How Many Chinese Yuans Do We Need Anyway?
Newspaper reports, tweets, and flashy breaking news animations aside, the reality is much more complex than this. Pakistan has had a Currency Swap Arrangement with China since 2011 – which has barely been utilized. In essence, the ability to trade in CNY has always been there, but it has barely been utilized. This space will attempt to explain the nuts and bolts of what trading in CNY entails, and why CNY may not replace USD as the primary currency for settlement of trades with China.
During FY18*, exports of Pakistan to China amounted to roughly USD 1.75 billion, whereas imports from China to Pakistan were at USD 11.47 billion. The trade deficit between Pakistan & China is estimated to be USD 9.72 billion, which is 31 percent of our total trade deficit. The argument goes that if such bilateral Sino-Pak trade can be settled in either CNY or PKR, then our need for USD will drastically reduce, hence averting a Current Account Deficit crisis in future. At prevailing CNY-USD exchange rate, our trade deficit with China would be CNY 67 billion for FY18.
Like always, there is a catch – in order to make payments for Chinese imports in CNY, Pakistan needs to have reserves of CNY as well. But why don’t we have reserves of CNY in the first place? Because most of the funds that flow into Pakistan are in USD, whether it be remittances or export receipts. When we export something, we mostly get paid in USD or any other major currency, but rarely in CNY. Similarly, when an expatriate Pakistani sends money back home, that is mostly in USD as well. Since most inflows are in USD, it is no surprise that Foreign Exchange Reserves of Pakistan are also largely USD based.
Considering how Pakistan’s exports to China only constitute 15 percent of imports from China, even if all of the exports are settled in CNY – the amount available will still not be sufficient to settle even a majority of import payments in CNY.
Currency Swap Arrangements
In scenarios where trading partners decide to settle trades in their own currencies, a currency swap arrangement is often very useful. In a Currency Swap Arrangement between Pakistan and China, which has been in existence since 2011, State Bank of Pakistan (SBP) will borrow CNY from People’s Bank of China (PBoC) – while the latter may borrow PKR from former vice versa, for a specific period of time.
The arrangement has a notional value of CNY 10 billion, which means SBP can borrow up to CNY 10 billion from PBoC. This solves the problem of not having adequate reserves of CNY to a certain extent, as SBP may borrow CNY from PBoC, if there is a demand. It may be noted here that such a facility has rarely been utilized, mainly due to the reluctance of buyers and sellers in both countries, and the relentless comfort that USD provides to traders everywhere.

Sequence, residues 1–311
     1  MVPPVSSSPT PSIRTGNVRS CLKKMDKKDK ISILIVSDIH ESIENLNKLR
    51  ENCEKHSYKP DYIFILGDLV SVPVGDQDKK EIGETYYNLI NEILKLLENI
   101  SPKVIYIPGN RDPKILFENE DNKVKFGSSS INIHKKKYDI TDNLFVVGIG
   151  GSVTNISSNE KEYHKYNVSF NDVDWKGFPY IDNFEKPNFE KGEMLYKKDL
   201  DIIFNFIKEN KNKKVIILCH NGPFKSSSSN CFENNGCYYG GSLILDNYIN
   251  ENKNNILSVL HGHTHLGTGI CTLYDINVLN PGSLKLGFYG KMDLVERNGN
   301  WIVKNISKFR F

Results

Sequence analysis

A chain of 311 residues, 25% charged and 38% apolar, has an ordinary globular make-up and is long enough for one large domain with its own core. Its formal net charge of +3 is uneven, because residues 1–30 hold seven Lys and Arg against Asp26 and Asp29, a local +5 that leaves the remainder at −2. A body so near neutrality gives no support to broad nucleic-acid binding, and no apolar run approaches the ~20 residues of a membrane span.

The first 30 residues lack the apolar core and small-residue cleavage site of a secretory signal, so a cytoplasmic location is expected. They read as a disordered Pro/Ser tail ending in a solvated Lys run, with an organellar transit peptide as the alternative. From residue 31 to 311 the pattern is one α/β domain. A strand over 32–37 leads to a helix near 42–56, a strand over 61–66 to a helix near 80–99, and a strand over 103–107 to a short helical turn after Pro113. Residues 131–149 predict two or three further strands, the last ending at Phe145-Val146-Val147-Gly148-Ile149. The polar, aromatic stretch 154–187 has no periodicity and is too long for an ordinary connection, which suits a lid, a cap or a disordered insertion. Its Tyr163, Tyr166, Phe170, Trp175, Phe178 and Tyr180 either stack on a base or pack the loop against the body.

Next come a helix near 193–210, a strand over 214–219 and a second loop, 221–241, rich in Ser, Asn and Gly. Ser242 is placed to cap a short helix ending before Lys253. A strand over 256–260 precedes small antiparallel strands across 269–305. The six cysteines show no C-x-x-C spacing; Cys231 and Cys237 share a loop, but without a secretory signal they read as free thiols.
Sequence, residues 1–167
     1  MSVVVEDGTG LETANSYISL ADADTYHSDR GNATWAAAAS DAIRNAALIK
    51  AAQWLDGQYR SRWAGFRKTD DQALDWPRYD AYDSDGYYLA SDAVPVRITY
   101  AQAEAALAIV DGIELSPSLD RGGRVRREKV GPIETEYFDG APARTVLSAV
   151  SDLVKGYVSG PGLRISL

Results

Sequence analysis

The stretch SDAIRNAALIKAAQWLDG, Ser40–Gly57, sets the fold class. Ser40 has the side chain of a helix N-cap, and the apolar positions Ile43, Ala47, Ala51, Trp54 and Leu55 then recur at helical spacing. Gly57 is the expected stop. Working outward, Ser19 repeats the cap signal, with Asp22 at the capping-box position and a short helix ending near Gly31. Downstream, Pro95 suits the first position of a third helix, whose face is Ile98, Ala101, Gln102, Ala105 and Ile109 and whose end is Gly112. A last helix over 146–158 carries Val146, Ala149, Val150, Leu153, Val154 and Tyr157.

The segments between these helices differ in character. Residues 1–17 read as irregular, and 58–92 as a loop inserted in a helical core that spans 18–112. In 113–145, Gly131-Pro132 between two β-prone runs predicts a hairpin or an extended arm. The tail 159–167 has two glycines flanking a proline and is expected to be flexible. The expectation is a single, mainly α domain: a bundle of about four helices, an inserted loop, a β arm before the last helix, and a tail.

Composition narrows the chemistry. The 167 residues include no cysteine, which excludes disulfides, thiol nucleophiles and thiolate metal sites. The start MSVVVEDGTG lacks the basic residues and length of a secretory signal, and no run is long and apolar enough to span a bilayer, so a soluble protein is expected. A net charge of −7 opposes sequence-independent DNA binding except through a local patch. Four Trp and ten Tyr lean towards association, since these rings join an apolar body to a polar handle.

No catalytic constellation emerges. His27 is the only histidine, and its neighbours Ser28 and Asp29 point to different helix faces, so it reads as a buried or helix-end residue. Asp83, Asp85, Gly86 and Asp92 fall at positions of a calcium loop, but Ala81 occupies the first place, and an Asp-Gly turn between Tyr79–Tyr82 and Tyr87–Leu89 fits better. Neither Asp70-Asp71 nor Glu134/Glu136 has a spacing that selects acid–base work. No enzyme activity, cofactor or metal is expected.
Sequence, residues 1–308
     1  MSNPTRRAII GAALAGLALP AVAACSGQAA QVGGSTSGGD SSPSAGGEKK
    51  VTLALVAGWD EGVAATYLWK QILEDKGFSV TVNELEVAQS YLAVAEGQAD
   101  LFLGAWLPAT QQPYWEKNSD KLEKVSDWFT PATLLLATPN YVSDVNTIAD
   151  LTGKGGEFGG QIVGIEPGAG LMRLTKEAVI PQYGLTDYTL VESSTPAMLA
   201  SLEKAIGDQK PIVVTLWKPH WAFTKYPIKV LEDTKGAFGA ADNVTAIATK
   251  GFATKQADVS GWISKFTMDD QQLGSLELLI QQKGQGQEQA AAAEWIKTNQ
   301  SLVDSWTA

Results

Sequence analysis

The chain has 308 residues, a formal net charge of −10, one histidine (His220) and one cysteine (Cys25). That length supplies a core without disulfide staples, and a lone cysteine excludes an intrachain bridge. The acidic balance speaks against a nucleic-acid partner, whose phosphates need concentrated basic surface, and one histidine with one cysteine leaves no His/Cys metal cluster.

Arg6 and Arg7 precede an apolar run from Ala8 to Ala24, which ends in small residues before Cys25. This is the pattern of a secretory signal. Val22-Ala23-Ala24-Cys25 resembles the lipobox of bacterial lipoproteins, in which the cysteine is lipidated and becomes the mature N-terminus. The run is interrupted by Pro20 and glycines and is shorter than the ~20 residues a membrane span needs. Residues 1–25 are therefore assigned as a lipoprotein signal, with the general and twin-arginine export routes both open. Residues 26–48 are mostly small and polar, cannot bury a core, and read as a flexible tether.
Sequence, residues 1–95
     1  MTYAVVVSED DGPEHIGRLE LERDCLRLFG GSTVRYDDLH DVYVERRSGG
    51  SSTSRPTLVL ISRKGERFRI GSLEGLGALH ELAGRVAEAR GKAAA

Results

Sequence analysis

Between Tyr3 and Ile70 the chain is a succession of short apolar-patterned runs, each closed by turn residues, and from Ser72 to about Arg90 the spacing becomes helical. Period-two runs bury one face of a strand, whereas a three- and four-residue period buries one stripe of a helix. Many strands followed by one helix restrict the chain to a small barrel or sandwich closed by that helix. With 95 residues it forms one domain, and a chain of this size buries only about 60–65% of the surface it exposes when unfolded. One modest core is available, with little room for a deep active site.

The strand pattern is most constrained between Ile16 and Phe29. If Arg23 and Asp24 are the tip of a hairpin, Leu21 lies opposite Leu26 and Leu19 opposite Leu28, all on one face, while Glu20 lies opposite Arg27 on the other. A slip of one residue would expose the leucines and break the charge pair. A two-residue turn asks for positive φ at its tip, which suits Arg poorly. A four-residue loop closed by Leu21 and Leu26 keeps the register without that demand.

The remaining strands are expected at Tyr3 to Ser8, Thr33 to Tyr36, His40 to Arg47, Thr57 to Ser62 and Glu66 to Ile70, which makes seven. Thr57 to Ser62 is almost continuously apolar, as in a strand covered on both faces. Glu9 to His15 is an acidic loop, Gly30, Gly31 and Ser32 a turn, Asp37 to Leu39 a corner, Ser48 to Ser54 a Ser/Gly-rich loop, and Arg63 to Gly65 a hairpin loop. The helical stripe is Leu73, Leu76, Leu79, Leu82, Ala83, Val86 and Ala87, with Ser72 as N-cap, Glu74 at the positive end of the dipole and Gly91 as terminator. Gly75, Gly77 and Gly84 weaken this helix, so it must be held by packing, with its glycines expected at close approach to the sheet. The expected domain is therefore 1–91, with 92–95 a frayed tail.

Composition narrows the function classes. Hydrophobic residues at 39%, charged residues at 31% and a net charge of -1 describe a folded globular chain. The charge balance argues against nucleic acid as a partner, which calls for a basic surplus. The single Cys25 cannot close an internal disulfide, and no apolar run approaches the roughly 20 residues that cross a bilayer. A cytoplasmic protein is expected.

Even if we fully utilize available currency swap arrangements, and somehow buyers and sellers on both sides are comfortable in trading in CNY – we can only bridge up to 15 percent of trade deficit for FY18.
These are instruments through which institutions or sovereigns can borrow in CNY. Just like Pakistan issues Eurobonds to borrow USD, it can also look into issuing Panda Bonds to borrow CNY – which can then be used to shore up CNY reserves, and make payments in CNY on Chinese imports. However, the Panda Bond market is very small, and even if Pakistan is able to borrow up to USD 1 billion (c. CNY 6.9 billion) in Panda Bonds, it will be a great achievement. Nonetheless, it remains a tool which policymakers can use when the timing is appropriate.
Will CNY dethrone USD?
It is too early to say this, particularly in the context of Pakistan. CNY is not dethroning USD as the dominant currency for trade anytime soon. Populist mantra and headlines aside, even if we can completely utilize our currency swap agreement with China, and convert even 20 percent of our USD based trade deficit with China into CNY over the next two years, it will be a colossal achievement. Bold promises and audacious goals are a hallmark of every government’s inaugural visit to Beijing – how much of that translates into reality is anyone’s guess.
As detailed above, such arrangements have been made every now and then over the years, but have rarely delivered. It remains to be seen what direction the incumbent government takes in addressing a chronic deficit issue, beyond all the recycled pomp, and tweets.
* FY18 refers to Fiscal Year starting from July 2017 and ending in June 2018
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